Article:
When LeBron James told the world he was headed for Tinsel Town, announcing Sunday that he agreed to sign a four-year, $154 million deal with the Los Angeles Lakers that sent shockwaves throughout the NBA, he did so in a way that was as non-Hollywood as one could imagine.
There was no Nike commercial sharing the story of his latest relocation, nor a story published on his Los Angeles-based media company, Uninterrupted. And there was certainly no repeat of “The Decision,” the much-maligned ESPN appearance in 2010 where James revealed he was leaving Cleveland for Miami.
There was merely a press release e-mailed to media members, timed perfectly with a 5:05 p.m. PT tweet from the agency that represents James, the Klutch Sports Group, and was founded by his childhood friend from Akron, Ohio, agent Rich Paul.
“LeBron James, four time NBA MVP, three time NBA Finals MVP, fourteen time NBA All Star, and two time Olympic gold medalist has agreed to a four year, $154 million contract with the Los Angeles Lakers.”He may as well have faxed it to reporters, a la Michael Jordan when he came out of retirement in 1995.
But when it comes to the motivation behind James’ move, it has been clear for quite some time that he was drawn in by the allure of the entertainment capital. James, who bought a $23 million home in Brentwood in December that was his second home in the area, has spent recent offseasons living with his wife, Savannah, their two sons and their daughter in Los Angeles.
Flip through the gallery to see photos of LeBron James through the years, from high school to 2018. Not only did James co-found Uninterrupted with his business partner, Maverick Carter, in Los Angeles, but they paired up to start the production company, Springhill Entertainment, in L.A. as well. In 2015, James starred in the Universal comedy, Trainwreck, which was anything but.
His challenge now, of course, is to make sure the 2018-19 Lakers don’t inspire a Trainwreck II. This is the riskiest move of James’ career, as these Lakers are mired in the worst stretch of their storied history, and it remains to be seen if there are any more stars coming their way (the Lakers have been in talks with San Antonio about disgruntled star Kawhi Leonard, though talks have cooled recently). After missing the playoffs just four times from 1960 to 2013, the Lakers have been on the outside looking in five consecutive times.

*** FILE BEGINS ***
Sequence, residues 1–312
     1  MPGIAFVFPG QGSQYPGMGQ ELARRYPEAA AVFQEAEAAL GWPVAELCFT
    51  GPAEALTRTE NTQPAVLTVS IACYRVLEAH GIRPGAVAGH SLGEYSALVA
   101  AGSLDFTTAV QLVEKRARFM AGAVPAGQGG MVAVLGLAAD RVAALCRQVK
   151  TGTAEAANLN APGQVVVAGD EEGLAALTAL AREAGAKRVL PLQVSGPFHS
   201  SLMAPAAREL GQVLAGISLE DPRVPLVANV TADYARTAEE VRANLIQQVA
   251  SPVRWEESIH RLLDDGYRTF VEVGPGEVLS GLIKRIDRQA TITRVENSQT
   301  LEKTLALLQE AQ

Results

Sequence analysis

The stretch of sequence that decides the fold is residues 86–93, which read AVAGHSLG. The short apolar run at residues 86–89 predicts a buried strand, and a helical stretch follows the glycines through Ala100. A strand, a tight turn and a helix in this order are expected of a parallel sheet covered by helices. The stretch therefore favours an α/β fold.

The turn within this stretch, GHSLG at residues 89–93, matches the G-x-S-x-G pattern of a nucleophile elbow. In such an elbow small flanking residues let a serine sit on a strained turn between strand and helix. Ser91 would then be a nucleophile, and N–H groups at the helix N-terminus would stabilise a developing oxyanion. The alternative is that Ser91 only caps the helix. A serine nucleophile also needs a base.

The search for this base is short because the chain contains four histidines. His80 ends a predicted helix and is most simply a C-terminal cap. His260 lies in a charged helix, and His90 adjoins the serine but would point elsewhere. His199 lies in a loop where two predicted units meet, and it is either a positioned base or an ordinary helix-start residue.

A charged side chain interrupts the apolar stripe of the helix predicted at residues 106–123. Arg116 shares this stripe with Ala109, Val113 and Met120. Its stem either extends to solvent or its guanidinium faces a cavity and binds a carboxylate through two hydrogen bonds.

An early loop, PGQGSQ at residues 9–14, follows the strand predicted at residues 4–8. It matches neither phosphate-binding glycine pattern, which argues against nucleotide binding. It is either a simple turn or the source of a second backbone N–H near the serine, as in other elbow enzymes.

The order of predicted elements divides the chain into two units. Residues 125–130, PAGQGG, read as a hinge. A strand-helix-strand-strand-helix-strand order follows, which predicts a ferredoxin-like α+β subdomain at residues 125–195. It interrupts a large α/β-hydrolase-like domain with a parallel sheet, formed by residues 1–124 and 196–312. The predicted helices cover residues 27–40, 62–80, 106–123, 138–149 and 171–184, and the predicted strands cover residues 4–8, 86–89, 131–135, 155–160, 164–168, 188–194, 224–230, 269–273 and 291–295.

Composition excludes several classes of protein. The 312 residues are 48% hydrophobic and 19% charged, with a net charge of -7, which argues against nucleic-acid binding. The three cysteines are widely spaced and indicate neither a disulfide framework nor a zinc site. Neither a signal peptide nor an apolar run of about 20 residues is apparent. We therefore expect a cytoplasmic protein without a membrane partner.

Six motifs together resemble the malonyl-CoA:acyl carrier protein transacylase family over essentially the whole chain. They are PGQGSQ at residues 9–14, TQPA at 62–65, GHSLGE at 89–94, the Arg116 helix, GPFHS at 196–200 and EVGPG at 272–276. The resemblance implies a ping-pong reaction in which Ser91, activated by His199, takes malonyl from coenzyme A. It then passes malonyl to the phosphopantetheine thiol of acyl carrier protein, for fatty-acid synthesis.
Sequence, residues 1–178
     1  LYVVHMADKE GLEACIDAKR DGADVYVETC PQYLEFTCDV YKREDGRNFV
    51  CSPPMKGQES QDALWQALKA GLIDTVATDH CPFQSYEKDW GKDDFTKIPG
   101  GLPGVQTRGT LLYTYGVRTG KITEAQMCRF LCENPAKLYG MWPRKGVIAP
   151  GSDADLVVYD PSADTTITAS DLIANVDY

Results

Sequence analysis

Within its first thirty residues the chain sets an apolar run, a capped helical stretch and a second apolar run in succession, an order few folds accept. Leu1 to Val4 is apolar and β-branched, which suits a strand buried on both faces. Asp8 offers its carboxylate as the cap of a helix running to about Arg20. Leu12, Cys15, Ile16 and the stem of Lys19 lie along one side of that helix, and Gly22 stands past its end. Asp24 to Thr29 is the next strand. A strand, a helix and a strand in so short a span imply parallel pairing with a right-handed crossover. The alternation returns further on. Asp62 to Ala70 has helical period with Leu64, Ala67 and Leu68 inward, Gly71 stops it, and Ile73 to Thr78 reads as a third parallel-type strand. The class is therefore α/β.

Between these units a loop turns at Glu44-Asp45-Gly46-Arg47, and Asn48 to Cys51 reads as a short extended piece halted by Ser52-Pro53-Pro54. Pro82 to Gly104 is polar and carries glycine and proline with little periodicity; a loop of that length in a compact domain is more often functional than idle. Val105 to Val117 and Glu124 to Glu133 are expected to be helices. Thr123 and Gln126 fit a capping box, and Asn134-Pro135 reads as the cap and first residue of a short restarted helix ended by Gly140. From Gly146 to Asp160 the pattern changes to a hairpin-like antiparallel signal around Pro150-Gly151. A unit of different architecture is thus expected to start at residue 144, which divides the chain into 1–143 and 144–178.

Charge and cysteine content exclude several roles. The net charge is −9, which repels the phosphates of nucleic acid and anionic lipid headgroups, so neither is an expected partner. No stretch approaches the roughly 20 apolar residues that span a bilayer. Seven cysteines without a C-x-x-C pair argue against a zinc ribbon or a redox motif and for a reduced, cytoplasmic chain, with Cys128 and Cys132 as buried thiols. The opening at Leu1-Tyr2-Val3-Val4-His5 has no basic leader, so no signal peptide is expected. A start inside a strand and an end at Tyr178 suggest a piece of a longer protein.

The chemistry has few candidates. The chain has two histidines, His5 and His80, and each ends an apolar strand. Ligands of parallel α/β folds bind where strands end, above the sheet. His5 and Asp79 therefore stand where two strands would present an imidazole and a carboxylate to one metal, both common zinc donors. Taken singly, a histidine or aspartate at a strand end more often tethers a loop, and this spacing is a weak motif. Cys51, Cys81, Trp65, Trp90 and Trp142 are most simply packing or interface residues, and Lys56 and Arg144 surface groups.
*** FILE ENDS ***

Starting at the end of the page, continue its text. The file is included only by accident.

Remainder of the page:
And while their 35-47 record under coach Luke Walton last season marked a nine-game improvement from the season prior, the notion of James continuing his personal Finals streak (eight and counting) is tough to fathom considering the competition in the Western Conference. The back-to-back champion Golden State Warriors loom largest, with the Houston Rockets, Utah Jazz, Portland Trail Blazers and Oklahoma City Thunder expected to be in contention as well.
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Lakers owner Jeanie Buss deserves the assist for getting this done, as she’s the one who made the bold move in Feb. 2017 of firing her own brother, Jim Buss, and longtime general manager, Mitch Kupchak, after years of failed free agency pitches. Magic Johnson came in as an adviser and then president of basketball operations, and Rob Pelinka, the longtime agent of Kobe Bryant, became general manager. The overhaul was complete, with Buss pushing for more synergy between the front office and ownership with the hopes that it would lead to this kind of prize.
But according to a person with knowledge of James’ thinking, it was Johnson who closed this monumental deal. The Lakers legend met with James in one of his Los Angeles homes for approximately three hours on Saturday night, when the NBA’s free agency period tipped off.
It was just Johnson, James, and Paul, discussing everything from business to basketball to social activism. James wouldn’t make his final decision then, as Paul would go on to meet with officials from the Philadelphia 76ers on Sunday before that tweet heard ‘round the world.
As Bryant put it in a Twitter direct message to USA TODAY Sports late Sunday night – by way of the raised hands emoji – the Lakers finally finished in free agency.